On Tue, Nov 17, 2009 at 8:29 AM, Scott Balneaves
<[email protected]> wrote:
> On Mon, Nov 16, 2009 at 04:57:31PM -0800, john wrote:
> Well, I think firefox will too. Here's a test: get your 24 students to JUST
> browse around on a site that doesn't involve any Java, or flash. Something
> like wikipedia. I *know*, that they'll be able to do it just fine. Because
> wikipedia pages load, and then they just sit there. Sure, you scroll around,
> but all the processing's mainly done: now you're just scrolling around in a
> This is exactly the same as openoffice. Once it's loaded, it's loaded. You
> scroll around in the doc, but you're not doing anything computationally
Sure, This makes such sense I don't know why I couldn't figure that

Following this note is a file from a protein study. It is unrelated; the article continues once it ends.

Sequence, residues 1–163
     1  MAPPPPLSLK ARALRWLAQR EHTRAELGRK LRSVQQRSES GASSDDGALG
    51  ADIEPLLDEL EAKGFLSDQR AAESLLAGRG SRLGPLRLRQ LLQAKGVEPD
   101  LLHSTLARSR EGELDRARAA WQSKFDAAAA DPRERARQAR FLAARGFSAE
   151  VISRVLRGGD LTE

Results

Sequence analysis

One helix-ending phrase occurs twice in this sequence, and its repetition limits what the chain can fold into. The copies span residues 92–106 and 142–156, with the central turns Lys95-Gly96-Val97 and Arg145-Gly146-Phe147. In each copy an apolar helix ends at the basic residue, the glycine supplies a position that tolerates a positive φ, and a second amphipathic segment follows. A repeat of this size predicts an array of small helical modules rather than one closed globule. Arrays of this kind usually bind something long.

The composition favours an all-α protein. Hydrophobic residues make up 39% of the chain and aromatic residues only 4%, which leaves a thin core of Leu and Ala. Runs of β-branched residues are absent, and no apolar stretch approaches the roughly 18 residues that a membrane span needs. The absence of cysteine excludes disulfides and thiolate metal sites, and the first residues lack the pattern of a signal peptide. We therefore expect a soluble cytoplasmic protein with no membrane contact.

out for my self :-( . Thanks for pointing this out.
> Problem is *entirely* flash. Because it just sits there and keeps chewing up
> cycles. Web animations. Ads. Videos. If there's 4 or five flash apps on a
> page (say, 3 flash ads, 1 menu application, and a video), each consuming a
> significant % of the cpu's cycles, *one page from one browser* can peg a
> machine. Now multiply this by the other 23 terminals.
> We've surrendered our web viewing experience to a propriatary app that's
> inefficient. And now we're paying for it.
That's a pretty damning indictment. So is supporting gnash someway the
direction forward in your opinion? Or some other approach?
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